Air Date: 3-16-2012| Episode: 240
Creator of the “Risk = Hazard + Outrage” formula for risk communication, Peter M. Sandman is one of the preeminent risk communication speakers and consultants in the United States today, and has also worked extensively in Europe, Australia, and elsewhere...
Creator of the “Risk = Hazard + Outrage” formula for risk communication, Peter M. Sandman is one of the preeminent risk communication speakers and consultants in the United States today, and has also worked extensively in Europe, Australia, and elsewhere. His unique and effective approach to managing risk controversies has made him much in demand for other sorts of reputation management as well. Dr. Sandman has helped his clients through a wide range of public controversies that threatened corporate or government reputation -from oil spills to labor-management battles; from vaccine autism scares to the siting of hazardous waste facilities. In the terms first popularized by Dr. Sandman, these are usually situations where the “hazard” is low, the “outrage” is high, and the core task is outrage management.
A time to scare, a time to reassure.
Today’s guest on IAQradio, Peter Sandman, PhD is a master of applied psychology, according to Dr. S the Goal is to have people as upset as justified by the hazard. Dr. Sandman is the creator of the “Risk = Hazard + Outrage formula. Out of proportion with risk is bad. Being over outraged is equally as bad as being under outraged.
Nuggets mined from today’s show:
· Both rightful and wrongful outrage exist.
· An examples of Hazard Low – Outrage High: Superfund sites and nuclear power plants.
· Disaster restoration scenarios are often Hazard High-Outrage High. Crisis communication is the job, people are rightfully upset, tactic-“we’ll get through this together”
· It’s dishonorable to minimize or maximize, Hazard or Outrage
· People who are upset aren’t in the mood to hear anything.
· People who are upset don’t like statistics.
· Hazard High Outrage Low. Seasonal flu, precaution advocacy take precautions more seriously, influence behavior, get flu shot.
· IEQ outrage management, manage down
· Might my problem be about the precaution? Precaution advocacy. Example of precaution advocacy, is getting remediation workers to wear PPE. Workers insufficiently outraged by the perceived hazard resist wearing PPE. The equipment may cause outrage, workers may resist wearing PPE due to comfort and sensory issues. Tactics: create a rule that doesn’t permit wearing hardhats in offices or low risk areas, allow workers to personalize hardhats with stickers, art, etc.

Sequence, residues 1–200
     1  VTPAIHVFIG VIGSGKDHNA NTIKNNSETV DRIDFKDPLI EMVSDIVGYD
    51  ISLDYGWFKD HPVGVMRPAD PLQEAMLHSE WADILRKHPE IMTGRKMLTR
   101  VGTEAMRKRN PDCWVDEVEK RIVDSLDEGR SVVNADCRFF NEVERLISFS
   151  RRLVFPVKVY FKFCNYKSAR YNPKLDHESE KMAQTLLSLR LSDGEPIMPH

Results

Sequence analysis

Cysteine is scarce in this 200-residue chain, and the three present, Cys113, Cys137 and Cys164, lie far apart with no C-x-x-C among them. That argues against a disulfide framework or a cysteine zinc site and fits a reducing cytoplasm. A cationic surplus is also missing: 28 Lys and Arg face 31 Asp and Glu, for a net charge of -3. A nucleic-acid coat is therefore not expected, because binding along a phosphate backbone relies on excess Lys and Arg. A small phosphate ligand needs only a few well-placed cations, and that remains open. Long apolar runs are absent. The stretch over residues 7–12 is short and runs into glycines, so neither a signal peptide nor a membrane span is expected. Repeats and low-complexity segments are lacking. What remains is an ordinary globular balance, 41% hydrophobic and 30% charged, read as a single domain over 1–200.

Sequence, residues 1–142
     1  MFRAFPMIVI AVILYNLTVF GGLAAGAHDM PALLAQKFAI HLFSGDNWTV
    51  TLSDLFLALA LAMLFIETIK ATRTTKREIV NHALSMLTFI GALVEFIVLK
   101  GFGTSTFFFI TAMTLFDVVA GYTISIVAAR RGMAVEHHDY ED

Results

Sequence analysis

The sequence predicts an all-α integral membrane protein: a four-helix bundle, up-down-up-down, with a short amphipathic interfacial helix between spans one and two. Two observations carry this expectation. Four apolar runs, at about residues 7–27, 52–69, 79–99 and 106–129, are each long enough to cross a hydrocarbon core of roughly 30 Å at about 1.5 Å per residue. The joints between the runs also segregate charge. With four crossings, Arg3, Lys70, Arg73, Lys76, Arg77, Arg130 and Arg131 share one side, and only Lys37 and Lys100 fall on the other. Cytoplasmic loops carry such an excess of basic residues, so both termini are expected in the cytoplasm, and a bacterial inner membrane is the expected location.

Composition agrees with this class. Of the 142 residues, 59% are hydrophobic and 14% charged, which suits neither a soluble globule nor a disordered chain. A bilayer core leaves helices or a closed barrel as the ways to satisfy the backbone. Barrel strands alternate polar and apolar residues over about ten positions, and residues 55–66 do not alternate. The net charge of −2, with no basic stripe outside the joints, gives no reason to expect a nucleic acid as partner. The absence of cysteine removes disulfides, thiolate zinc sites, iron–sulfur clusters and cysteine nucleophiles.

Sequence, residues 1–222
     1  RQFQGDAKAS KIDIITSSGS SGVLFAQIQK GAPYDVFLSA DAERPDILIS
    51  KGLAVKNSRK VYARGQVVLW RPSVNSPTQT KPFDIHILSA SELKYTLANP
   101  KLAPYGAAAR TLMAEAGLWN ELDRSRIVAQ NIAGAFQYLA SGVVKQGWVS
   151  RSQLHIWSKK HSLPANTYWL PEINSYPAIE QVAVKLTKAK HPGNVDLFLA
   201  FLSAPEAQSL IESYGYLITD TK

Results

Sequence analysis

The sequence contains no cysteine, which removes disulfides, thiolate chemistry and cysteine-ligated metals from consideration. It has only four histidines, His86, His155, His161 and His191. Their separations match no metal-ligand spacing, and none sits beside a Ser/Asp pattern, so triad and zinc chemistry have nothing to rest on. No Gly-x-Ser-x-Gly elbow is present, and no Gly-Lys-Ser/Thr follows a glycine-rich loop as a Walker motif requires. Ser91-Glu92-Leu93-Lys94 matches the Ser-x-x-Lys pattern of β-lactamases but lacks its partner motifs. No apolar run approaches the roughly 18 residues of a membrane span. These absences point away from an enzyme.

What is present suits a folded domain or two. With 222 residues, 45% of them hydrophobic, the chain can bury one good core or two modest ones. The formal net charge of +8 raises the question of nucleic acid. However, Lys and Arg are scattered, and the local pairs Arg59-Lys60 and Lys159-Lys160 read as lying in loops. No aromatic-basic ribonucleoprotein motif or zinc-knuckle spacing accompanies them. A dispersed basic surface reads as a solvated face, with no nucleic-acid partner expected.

· Tips for restoration contractors dealing with fire and water losses: validate the client’s being upset. Reassure them: “this is what I do for a living”, “I go from one disaster to another”, “reasonably confident”, “optimistic”, “hopeful”, “probably come out OK”.
· Care First, Do Something Later- support a political candidate before signing a petition.
Do Something First, Care Later- after signing a petition, the signer likely becomes interested in learning more about the political candidate and what they signed.
· Resistance to data occurs. There is data to support the fact that data doesn’t work. Technical people often are deeply committed to data.
· Mold- Calm down isn’t an effective message and doesn’t work. Listen to them and allow them to vent. Demonstrate that you have heard them, by summarizing what they said, prepares them for listening to and hearing you. Great advise in the form of an article, “Indoor Air Quality Risk Communication- Before You Fix Anything Talk.” http://www.psandman.com/col/iaq.htm
Classic mistake made by the Japanese Government in managing the tsunami nuclear crisis. The Government failed to share its worst fears with the people, resulting in people losing trust.
Precaution advocacy. People have much on their minds and are busy worrying about other things. Keep message short, interesting, stay on message, provide reasons to care about the issues, Find something that pre-exists: an emotion, need, or feeling that can be used to effect behavior.
Peter Sandman has a superb web-site that offers much of his life’s work product at no charge: www.psandman.com
Today’s music: “Sandman’s Song” by Anne Briggs
Z-Man signing off